In other words, none of the observable elements could be the First Cause because all observable elements are changeable and, were one to be more powerful than the others, it would have long since eradicated them. As observed, however, the elements of the earth seem to be in balance with each other, none of them holding the upper hand and, therefore, some other source must be looked to for a First Cause. In making this claim, Anaximander becomes the first known philosopher to work in abstract, rather than natural, philosophy and the first metaphysician even before the term 'metaphysics' was coined.
Proto-theory of Evolution & the First Map
In addition to his contributions to metaphysics, Anaximander has also been credited with a proto-theory of evolution as remarked on by later writers:
Anaximander said that the first living creatures were born in moisture, enclosed in thorny barks and that as their age increased they came forth on to the drier part and, when the bark had broken off, they lived a different kind of life for a short time. (Aetius, V, 19)
He says, further, that in the beginning man was born from creatures of a different kind because other creatures are soon self-supporting, but man alone needs prolonged nursing. For this reason he would not have survived if this had been his original form. (Plutarch, 2)
He is also credited with drawing the first map:
Anaximander the Milesian, a disciple of Thales, first dared to draw the inhabited world on a tablet; after him Hecataeus the Milesian, a much travelled man, made the map more accurate, so that it became a source of wonder. (Agathemerus, I, i)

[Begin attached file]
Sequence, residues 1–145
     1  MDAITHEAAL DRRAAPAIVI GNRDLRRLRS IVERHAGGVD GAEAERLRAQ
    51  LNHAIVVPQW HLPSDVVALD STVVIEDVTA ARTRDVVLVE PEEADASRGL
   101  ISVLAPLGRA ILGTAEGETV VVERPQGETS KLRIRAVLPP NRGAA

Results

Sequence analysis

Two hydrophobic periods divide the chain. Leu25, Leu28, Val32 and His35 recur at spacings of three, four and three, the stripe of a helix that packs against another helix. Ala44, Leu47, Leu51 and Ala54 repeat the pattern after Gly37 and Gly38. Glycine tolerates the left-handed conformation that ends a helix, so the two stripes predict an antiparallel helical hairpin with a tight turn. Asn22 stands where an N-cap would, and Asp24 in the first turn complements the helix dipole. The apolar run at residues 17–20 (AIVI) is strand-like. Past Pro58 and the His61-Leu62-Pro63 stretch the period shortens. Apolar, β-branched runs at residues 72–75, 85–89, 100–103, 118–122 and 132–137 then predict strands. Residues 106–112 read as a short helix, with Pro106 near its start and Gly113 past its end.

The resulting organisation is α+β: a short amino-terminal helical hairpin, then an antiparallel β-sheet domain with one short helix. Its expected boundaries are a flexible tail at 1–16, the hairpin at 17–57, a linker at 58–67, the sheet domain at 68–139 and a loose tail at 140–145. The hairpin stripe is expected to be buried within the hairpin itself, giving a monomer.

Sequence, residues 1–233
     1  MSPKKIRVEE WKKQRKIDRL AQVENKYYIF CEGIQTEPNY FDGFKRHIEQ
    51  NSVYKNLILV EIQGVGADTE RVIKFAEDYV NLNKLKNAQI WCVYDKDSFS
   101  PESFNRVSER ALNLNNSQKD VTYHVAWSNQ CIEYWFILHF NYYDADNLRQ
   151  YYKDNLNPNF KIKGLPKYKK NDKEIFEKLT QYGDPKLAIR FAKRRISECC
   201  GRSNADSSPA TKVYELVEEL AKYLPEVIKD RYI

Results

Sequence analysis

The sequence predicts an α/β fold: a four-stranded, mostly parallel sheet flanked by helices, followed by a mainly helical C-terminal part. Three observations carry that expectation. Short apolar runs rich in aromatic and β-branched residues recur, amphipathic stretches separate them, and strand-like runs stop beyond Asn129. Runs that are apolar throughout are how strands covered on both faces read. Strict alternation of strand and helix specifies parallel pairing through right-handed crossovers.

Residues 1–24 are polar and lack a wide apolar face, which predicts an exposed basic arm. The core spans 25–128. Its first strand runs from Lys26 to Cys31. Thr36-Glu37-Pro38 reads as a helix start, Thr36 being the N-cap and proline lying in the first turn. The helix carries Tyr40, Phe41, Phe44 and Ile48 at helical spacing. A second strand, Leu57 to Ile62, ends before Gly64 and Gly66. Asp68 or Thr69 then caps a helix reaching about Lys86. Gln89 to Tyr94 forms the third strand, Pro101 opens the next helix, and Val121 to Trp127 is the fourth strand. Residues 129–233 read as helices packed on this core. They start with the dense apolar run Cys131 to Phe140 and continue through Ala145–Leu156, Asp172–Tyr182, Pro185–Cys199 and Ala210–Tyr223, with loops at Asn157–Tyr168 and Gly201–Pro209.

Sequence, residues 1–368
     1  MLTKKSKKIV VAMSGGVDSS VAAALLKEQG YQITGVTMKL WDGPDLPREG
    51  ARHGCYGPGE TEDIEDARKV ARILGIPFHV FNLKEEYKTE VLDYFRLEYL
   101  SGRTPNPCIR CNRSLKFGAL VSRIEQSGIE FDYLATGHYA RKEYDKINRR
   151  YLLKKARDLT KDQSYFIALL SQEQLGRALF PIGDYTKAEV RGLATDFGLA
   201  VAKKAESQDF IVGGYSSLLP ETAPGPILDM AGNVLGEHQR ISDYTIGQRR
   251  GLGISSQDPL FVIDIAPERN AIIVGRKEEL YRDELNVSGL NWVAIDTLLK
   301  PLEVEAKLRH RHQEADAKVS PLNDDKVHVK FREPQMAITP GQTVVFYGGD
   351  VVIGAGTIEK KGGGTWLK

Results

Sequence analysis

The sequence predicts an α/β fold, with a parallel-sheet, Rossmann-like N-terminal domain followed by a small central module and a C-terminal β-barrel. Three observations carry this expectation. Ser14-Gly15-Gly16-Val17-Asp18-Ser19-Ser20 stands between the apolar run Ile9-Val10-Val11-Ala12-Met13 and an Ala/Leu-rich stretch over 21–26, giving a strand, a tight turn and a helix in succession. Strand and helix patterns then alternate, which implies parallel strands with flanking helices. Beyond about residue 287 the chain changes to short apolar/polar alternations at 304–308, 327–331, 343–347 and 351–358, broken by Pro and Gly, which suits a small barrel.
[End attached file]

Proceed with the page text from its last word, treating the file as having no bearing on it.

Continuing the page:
He charted the heavens, traveled widely, was the first to claim that the earth floated in space, and the first to posit an unobservable First Cause. His apeiron is thought to have influenced the Platonic concept of a Realm of Forms, the "true reality", of which the observable world is only a reflection. Whether the apeiron inspired Plato is, like almost everyting else about Anaximander, debated but his concept of the infinite from which all else comes shares a great deal in common with Aristotle's concept of the Prime Mover, that which, unmoving itself, sets everything else in motion.
He is said to have lived to an old age and been widely respected. Diogenes Laertius writes, "Apollodorus, in his Chronicles, states that in the second year of the fifty-eighth Olympiad, [Anaximander] was sixty-four years old. And soon after he died, having flourished much about the same time as Polycrates, the tyrant, of Samos." A statue was erected at Miletus in Anaximander's honor while he lived and his legacy still lives on centuries after his death.